10 Must-Know Facts About Living In Granada, Spain

Should you consider Granada as your ideal expat destination in Spain? Read our guide, understand the real pros and cons of living in Granada, Spain as an expat.

Granada is both a city and province in Andalusia, Spain. It boasts great food, weather, and architecture and might well be your perfect expat relocation destination. But what is living in Granada really like for expats?

This guide will answer that question by covering important topics like the cost of living, the best areas to live in, and how to make the most of your new life in this beautiful Spanish city.

What’s it like living in Granada, Spain?

Living in Granada is ideal for anyone who wants a southern Spanish lifestyle but wants to live away from the coast. The area retains a strong Moorish influence in its architecture and food, which contrasts the city against other famous Spanish destinations.

Although an inland city, Granada is only an hour’s drive away from the Mediterranean coast.

The city itself is located at the foot of the Sierra Nevada Mountains, which are home to the Sierra Nevada Ski Station. Granada is an excellent choice for those interested in outdoor sports ranging from sailing and swimming to skiing.

Living in Granada, Spain
This is how Sierra Nevada ski resort looks on a beautiful winter day.

The weather in Granada is interesting due to its location in southern Spain and its elevation. While the city is close to the Mediterranean, and so enjoys a hot climate, it’s located 700m above sea level. This keeps the temperatures quite moderate.

Both the city and the wider province have excellent gastronomy. It has strong Arabic influences, found in its spices, and most of the regional dishes center on the area’s main products: pork and beans.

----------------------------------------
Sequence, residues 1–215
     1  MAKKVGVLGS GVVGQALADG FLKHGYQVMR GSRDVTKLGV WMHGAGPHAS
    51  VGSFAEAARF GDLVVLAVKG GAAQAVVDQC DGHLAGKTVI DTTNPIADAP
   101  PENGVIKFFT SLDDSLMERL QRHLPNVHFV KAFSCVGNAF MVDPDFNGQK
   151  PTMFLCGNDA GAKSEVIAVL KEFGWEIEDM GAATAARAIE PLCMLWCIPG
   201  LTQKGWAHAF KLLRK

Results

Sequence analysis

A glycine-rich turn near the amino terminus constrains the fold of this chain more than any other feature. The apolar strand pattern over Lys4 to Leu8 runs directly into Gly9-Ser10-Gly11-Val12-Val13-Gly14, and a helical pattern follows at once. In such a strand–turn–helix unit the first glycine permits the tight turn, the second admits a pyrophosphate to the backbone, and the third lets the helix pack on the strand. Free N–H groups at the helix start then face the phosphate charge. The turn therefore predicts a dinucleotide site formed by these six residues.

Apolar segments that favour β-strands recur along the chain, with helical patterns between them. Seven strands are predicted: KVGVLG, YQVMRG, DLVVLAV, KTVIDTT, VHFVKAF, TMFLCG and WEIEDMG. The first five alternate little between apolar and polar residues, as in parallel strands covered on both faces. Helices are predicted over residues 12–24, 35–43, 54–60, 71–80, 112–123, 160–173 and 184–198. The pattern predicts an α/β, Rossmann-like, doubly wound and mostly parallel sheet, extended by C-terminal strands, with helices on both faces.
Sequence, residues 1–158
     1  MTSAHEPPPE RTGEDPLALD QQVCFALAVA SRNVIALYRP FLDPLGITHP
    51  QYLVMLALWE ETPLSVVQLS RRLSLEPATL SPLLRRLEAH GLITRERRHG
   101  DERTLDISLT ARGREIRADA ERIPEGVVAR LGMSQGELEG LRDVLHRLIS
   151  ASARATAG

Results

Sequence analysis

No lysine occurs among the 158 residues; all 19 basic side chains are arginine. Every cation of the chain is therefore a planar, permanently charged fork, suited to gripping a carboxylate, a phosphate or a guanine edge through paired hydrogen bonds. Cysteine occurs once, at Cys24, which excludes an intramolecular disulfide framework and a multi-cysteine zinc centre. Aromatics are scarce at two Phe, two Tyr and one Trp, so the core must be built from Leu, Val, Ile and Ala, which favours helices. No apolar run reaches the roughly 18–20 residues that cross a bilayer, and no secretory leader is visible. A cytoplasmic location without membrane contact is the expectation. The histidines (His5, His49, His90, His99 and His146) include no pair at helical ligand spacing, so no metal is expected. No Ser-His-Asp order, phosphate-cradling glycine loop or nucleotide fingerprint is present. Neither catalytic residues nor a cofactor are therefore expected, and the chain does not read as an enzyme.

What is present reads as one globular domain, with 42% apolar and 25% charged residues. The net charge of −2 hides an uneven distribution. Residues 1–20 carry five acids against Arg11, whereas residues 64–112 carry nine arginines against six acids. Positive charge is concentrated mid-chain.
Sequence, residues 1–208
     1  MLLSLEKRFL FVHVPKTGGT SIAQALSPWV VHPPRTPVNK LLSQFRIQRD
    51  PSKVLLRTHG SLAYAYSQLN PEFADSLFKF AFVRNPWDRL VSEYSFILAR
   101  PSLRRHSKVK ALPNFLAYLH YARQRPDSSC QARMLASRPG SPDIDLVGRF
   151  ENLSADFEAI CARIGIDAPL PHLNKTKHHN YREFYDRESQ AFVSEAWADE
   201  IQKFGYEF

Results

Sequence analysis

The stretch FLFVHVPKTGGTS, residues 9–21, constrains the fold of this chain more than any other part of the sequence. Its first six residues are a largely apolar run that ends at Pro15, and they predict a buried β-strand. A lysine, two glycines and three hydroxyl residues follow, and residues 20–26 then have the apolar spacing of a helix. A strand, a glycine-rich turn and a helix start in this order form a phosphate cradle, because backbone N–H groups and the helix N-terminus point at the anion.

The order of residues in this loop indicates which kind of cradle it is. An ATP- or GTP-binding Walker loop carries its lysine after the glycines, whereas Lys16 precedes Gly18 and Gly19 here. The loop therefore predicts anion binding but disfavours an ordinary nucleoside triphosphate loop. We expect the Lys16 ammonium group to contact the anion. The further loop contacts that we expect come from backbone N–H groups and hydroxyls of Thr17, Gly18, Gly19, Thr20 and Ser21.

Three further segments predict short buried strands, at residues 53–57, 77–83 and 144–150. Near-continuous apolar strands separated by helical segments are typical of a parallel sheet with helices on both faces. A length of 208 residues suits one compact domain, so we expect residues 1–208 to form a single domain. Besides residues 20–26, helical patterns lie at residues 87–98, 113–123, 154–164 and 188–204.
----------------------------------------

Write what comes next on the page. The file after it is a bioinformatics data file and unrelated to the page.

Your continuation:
Tapas comes free in most bars and has created a culture of bar hopping (Ir de tapas). In fact, you’ll find various tapas routes around the city.

Overall, living in Granada promises the highlights of Spanish culture combined with the best of its Moorish heritage. It’s in a great location for both the mountains and the sea and will never be a boring place to live.

Is Granada dangerous?

No. Granada isn’t a dangerous city, mainly because it has a range of police powers. Along with state authority, the city of Granada is managed by the Citizen Security Board. This is a department that combines social security with crime management and is quite effective in this regard.

The crime rate in Granada ranges from very low to moderate. The only two factors rated as moderate are corruption and increasing crime, although these statistics often rate higher than others.

Important factors, such as theft, violent crime, drug-related crime, and race- and gender-related crime, are all rated as low. Similarly, walking alone either during the day or at night is rated as safe.

The crime rate in Granada is much lower than in most British towns and cities and is below the Spanish average. In short, crime shouldn’t be a major concern if you’re thinking of living in Granada.

How much does it cost to live in Granada, Spain?

The cost of living in Granada, Spain, is fairly low. Living there will cost you in general 10% cheaper than living in Madrid, thanks mainly to things like the lack of major tourism and the high student population.

Living in Granada, Spain
An old, beautifully paved street in Alhama de Granada – a town perched precariously at the top of a ravine with wonderful views of the Rio Alham and the surrounding countryside.